When the infant was two months old, his uncle Dr. John Stiles Holliday performed a successful surgical repair of the cleft--an achievement kept private to protect the family's reputation. You see, in the 1850s, the Hollidays were Georgia gentry whose large extended family would become the O'Haras, Wilkeses and Hamiltons in Gone With The Wind. (Margaret Mitchell was Doc's cousin, twice removed.) These were people who took good breeding seriously, and birth defects were a source of familial shame--for everyone but Alice.

Alice and her son became intensely close. She invented a form of speech therapy to correct his diction. She was a piano teacher who introduced him to the music that would become their great shared passion. She home-schooled him until she was sure his speech wouldn't be ridiculed, then sent him to a local boys academy, where he excelled in every subject. In the midst of our nation's ugliest war, she raised a shy, intelligent child to be a thoughtful, courteous gentleman and a fine young scholar who would earn the degree of Doctor of Dental Surgery before he was 21.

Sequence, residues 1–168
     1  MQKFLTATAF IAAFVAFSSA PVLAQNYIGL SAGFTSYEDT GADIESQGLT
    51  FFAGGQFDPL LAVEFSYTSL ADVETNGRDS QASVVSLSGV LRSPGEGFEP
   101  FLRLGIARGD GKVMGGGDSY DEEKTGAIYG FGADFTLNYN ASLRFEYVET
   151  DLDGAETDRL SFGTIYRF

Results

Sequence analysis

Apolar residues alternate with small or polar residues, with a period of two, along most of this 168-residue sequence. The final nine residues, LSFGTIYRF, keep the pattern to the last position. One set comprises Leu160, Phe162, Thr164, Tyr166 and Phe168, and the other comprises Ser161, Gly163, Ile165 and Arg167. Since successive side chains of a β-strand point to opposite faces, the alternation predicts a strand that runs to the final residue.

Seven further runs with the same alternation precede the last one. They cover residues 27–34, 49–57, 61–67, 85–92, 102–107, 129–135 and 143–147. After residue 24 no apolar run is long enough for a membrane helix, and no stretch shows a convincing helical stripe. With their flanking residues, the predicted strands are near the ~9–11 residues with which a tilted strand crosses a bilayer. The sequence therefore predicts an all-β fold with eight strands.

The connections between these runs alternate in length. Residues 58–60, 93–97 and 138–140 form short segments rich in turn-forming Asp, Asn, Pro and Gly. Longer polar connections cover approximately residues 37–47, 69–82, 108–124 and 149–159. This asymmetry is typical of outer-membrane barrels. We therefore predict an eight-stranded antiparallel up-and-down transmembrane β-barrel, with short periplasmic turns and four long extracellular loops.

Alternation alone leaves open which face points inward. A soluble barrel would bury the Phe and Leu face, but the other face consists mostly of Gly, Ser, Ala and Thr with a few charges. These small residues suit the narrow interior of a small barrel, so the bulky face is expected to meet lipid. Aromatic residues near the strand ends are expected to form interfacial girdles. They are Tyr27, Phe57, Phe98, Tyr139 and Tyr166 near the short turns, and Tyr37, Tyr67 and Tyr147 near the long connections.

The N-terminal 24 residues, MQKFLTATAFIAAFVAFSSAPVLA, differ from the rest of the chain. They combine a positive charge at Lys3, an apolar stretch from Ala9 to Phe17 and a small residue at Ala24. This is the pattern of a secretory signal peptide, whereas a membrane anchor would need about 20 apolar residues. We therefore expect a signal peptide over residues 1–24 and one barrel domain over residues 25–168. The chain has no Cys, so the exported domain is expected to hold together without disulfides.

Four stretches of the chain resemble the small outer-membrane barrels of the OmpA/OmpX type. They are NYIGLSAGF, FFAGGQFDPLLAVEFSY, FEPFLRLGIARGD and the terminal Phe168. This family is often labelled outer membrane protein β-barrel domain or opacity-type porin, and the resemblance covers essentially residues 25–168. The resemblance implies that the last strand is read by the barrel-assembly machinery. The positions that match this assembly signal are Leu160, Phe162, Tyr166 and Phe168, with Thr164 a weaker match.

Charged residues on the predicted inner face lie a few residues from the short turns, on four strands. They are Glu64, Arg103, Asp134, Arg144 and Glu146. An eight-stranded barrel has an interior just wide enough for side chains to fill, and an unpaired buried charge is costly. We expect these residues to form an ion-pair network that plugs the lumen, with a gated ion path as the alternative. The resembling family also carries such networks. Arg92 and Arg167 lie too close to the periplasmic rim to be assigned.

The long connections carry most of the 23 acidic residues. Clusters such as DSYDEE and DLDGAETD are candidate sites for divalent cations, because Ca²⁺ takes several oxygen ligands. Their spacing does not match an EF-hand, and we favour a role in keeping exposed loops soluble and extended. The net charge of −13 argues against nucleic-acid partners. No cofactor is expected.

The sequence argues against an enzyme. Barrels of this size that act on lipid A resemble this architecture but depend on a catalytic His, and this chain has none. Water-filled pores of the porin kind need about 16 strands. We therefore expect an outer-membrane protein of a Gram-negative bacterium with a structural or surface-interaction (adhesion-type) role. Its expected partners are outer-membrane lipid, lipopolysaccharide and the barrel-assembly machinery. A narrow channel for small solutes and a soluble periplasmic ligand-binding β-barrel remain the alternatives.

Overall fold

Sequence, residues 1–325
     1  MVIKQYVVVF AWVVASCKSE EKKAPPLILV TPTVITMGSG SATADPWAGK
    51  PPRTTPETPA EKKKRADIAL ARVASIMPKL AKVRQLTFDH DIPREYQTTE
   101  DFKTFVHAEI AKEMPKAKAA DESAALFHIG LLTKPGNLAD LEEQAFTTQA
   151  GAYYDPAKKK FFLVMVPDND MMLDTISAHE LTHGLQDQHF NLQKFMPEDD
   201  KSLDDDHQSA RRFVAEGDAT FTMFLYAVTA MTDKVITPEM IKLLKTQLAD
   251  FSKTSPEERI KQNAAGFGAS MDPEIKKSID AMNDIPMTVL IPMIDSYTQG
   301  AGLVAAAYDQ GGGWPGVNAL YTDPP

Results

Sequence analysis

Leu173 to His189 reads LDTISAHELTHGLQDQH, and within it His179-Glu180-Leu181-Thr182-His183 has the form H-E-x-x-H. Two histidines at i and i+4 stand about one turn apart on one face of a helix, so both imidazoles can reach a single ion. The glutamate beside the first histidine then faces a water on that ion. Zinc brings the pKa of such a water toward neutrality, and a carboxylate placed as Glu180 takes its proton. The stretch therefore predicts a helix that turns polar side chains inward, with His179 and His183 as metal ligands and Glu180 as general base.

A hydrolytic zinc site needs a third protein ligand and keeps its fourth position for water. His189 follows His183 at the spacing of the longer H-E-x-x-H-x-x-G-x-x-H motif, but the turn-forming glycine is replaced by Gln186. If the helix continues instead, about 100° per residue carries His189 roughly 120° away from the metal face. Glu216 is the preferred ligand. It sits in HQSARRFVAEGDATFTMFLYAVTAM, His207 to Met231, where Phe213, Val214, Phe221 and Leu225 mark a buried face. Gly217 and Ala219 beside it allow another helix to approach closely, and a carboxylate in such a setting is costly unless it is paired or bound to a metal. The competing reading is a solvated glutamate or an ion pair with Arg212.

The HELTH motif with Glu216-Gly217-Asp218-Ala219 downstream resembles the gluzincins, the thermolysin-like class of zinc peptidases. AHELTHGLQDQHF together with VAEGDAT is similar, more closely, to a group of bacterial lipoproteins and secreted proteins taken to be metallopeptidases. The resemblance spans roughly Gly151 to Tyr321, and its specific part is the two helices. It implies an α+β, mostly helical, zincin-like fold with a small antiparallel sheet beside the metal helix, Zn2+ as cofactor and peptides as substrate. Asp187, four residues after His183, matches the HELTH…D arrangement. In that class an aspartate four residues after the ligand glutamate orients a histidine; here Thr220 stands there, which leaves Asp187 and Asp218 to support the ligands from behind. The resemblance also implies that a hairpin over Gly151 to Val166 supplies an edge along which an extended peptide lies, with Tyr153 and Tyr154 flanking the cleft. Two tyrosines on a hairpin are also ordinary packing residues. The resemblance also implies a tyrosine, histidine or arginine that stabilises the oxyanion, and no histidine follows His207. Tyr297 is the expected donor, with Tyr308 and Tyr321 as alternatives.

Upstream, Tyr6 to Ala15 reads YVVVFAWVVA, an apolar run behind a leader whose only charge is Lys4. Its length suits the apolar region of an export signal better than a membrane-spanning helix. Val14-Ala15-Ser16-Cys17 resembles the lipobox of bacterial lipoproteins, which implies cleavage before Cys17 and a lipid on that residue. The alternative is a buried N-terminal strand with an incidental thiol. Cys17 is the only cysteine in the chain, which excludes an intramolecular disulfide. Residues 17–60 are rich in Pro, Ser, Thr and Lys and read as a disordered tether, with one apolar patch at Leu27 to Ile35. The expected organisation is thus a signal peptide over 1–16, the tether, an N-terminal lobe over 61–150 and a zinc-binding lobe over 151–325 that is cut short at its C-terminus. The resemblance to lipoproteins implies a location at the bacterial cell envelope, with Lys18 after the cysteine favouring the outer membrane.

Alice didn't live to see him graduate. She died of tuberculosis when John Henry was 15. The loss was staggering, and when he, too, developed TB, he knew exactly what kind of awful death he faced. Hoping dry air and sunshine would restore his health, he left everyone and everything he loved, and went West. He was only 22 when he left Atlanta in 1873.

The Doc Holliday of legend is a gambler and gunman who appears out of nowhere in 1881, arriving in Tombstone with a bad reputation and a hooker named Big Nose Kate. But I have written the story of Alice Holliday's son: a scared, sick, lonely boy, born for the life of a minor aristocrat in a world that ceased to exist at the end of the Civil War, trying to stay alive on the rawest edge of the American frontier.